First Look: Richardson boutique Simply Thrifty helps women in recovery rebuild their lives

Anika Cooper founded Simply Grace House in 2013 after her own experience in recovery. Proceeds from Simply Thrifty benefit the nonprofit's seven sober living homes. (Olivia Lueckemeyer/Community Impact Newspaper)
Anika Cooper founded Simply Grace House in 2013 after her own experience in recovery. Proceeds from Simply Thrifty benefit the nonprofit's seven sober living homes. (Olivia Lueckemeyer/Community Impact Newspaper)

Anika Cooper founded Simply Grace House in 2013 after her own experience in recovery. Proceeds from Simply Thrifty benefit the nonprofit's seven sober living homes. (Olivia Lueckemeyer/Community Impact Newspaper)

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Founder Anika Cooper said it was important to her that the shop have the feel of a boutique rather than a thrift store. (Olivia Lueckemeyer/Community Impact Newspaper)
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The boutique also includes accessories. (Olivia Lueckemeyer/Community Impact Newspaper)
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Clothes in the boutique are offered to women in recovery at little or no cost. (Olivia Lueckemeyer/Community Impact Newspaper)
The idea to open Simply Thrifty was sparked by the desire to give women in recovery a dignified shopping experience as they work to rebuild their lives.

“Throughout the years, I would watch the women come in who needed clothing and have to dig through a trash bag,” founder Anika Cooper said. “I just felt like they deserved better.”

Merchandise in the store, which opened in Richardson on July 14, includes lightly used secondhand clothing, furniture and household items. Items are collected through donations and offered to women in recovery at little or no cost. The general public can also shop the store.

All proceeds from Simply Thrifty benefit Simply Grace House, which Cooper started in 2013 after her own experience in recovery. The nonprofit operates seven sober living homes across the Dallas-Fort Worth area. In 2018, the organization opened a counseling center on Arapaho Road, just across the way from Simply Thrifty.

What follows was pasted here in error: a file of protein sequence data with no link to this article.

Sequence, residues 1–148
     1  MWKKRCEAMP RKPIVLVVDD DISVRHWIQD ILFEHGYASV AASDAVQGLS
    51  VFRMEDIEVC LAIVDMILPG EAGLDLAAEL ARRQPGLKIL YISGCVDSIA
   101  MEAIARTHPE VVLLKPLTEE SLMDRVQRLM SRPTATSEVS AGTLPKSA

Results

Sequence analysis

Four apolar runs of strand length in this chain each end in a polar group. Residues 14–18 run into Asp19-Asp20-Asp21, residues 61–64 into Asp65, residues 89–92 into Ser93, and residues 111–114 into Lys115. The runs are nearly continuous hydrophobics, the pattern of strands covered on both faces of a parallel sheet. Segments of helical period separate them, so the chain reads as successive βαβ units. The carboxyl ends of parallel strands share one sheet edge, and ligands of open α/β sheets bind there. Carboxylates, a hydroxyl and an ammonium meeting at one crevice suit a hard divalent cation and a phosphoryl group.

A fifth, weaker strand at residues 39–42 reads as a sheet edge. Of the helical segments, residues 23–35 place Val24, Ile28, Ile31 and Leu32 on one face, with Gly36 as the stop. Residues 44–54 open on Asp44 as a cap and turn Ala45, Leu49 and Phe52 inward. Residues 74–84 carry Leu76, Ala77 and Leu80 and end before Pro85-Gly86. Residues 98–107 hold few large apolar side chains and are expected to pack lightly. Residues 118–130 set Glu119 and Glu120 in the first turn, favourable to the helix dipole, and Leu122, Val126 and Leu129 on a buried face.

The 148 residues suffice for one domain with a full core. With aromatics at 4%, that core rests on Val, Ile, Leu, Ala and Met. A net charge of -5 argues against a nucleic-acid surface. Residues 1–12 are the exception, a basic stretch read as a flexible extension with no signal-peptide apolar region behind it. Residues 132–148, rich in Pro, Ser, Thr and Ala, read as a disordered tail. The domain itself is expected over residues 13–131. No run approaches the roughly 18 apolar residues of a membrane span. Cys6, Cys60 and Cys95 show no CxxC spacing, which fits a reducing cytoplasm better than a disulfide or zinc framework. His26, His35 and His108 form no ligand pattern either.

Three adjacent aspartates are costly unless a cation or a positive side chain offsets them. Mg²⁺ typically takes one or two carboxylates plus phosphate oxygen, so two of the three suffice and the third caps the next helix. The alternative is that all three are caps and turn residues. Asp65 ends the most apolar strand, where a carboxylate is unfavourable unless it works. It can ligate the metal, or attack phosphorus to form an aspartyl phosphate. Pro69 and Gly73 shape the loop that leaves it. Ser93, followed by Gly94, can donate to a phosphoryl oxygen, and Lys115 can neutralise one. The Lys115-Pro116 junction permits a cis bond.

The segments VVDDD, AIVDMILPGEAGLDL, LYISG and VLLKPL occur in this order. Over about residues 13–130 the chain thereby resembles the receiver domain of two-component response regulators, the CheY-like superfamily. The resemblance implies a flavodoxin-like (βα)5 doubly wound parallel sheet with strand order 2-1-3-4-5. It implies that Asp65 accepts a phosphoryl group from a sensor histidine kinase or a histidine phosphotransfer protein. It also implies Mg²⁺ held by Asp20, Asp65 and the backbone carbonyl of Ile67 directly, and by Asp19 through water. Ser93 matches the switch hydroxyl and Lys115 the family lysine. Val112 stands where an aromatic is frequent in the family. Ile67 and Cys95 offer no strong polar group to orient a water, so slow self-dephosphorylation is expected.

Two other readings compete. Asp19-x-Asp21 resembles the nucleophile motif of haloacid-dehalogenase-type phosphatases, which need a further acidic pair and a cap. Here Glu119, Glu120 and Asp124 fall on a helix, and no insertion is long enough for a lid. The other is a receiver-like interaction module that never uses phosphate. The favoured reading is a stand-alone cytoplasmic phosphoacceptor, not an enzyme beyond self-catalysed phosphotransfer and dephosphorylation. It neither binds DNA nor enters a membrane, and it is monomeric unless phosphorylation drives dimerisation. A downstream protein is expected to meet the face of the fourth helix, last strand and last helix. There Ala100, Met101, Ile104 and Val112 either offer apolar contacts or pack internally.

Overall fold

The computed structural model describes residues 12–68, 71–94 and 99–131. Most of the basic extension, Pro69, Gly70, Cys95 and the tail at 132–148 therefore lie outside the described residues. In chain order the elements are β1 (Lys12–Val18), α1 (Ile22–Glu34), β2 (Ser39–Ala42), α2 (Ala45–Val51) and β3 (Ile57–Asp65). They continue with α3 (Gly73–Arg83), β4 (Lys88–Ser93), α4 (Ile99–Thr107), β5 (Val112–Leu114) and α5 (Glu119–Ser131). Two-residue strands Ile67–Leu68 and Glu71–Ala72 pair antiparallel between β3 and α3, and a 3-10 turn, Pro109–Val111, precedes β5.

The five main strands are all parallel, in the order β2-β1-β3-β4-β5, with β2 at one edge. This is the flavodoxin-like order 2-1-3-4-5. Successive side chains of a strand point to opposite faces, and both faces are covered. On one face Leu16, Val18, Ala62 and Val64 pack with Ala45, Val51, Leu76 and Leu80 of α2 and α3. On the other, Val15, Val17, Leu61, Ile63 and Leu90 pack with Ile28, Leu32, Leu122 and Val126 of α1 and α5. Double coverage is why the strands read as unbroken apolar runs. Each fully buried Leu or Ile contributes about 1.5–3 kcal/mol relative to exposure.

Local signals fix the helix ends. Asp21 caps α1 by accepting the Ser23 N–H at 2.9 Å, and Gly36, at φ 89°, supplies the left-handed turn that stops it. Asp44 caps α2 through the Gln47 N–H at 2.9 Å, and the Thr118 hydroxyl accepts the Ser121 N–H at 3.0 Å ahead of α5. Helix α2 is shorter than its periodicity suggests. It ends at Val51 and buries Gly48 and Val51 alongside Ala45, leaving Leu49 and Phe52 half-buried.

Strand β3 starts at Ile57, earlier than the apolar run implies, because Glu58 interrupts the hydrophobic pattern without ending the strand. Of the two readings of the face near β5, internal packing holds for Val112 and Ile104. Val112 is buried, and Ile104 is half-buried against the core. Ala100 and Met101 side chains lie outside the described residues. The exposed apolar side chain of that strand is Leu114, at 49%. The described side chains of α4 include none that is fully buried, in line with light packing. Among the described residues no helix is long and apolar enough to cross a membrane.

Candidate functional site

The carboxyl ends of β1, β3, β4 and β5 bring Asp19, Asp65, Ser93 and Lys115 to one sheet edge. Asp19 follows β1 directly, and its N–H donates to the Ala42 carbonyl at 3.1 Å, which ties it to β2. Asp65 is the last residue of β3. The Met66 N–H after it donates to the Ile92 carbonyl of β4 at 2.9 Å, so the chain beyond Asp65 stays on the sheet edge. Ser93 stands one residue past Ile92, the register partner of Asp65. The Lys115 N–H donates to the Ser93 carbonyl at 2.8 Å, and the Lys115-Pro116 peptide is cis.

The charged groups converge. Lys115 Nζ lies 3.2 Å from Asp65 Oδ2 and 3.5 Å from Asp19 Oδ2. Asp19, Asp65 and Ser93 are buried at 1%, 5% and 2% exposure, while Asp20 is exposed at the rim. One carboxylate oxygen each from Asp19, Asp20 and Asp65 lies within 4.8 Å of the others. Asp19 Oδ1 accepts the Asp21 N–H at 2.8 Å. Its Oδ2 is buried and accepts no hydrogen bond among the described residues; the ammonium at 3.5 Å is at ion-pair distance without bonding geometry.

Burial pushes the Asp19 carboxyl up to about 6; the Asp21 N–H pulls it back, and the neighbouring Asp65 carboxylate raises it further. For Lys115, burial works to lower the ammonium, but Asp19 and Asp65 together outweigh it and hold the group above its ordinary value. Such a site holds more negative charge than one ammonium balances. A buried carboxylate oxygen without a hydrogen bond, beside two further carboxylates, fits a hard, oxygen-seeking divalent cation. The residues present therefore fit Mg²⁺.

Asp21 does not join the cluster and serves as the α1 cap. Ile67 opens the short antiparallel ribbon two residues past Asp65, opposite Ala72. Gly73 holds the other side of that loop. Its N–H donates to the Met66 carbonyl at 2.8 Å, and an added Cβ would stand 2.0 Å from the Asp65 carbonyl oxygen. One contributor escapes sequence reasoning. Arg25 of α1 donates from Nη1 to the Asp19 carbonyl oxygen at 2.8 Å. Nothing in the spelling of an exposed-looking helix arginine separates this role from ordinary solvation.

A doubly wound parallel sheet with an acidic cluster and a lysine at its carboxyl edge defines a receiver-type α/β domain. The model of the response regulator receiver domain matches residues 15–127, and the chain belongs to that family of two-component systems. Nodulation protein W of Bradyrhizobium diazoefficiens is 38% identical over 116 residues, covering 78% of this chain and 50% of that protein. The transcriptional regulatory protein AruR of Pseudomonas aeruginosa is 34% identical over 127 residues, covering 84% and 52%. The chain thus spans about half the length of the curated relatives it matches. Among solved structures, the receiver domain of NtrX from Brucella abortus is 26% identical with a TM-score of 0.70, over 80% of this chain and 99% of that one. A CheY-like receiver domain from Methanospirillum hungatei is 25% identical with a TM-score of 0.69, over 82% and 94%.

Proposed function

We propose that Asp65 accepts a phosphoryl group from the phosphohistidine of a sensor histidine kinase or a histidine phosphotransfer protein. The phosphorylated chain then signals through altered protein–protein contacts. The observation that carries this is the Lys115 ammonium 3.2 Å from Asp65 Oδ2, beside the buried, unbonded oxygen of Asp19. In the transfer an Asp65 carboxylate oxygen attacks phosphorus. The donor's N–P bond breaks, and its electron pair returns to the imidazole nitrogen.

“I had an idea to open a house that was a lot more structured than where I lived and had a lot more accountability,” she said. “We give them a safe place to be successful.”


The store also provides work opportunities and helps foster job skills for women recently released from jail or drug treatment centers. Women in recovery receive vouchers to shop in the store once they have moved into their own homes. This offer is extended beyond those who live in the Simply Grace homes, Cooper said.

“They are furnishing their whole house, and they’re getting it for a steal,” she said.

Cooper said she has been pleasantly surprised by the store’s performance during the coronavirus pandemic.

“When this idea came to me a couple months ago, I had no idea that it was going to be as successful as it’s been for our organization,” she said.

Those who would like to donate to the store can drop off lightly used clothing, shoes, appliances, furniture and more.

“This is just not a thrift store—it’s benefiting people’s lives,” Cooper said.

Simply Thrifty

580 W. Arapaho Road, Ste. 199, Richardson

214-774-9808

www.simplygracehouse.com

Hours: Mon.-Fri. 11 a.m.-7 p.m., Sat. 9 a.m.-5 p.m., closed Sun.
By Olivia Lueckemeyer
Olivia Lueckemeyer graduated in 2013 from Loyola University New Orleans with a degree in journalism. She joined Community Impact Newspaper in October 2016 as reporter for the Southwest Austin edition before her promotion to editor in March 2017. In July 2018 she returned home to the Dallas area and became editor of the Richardson edition.


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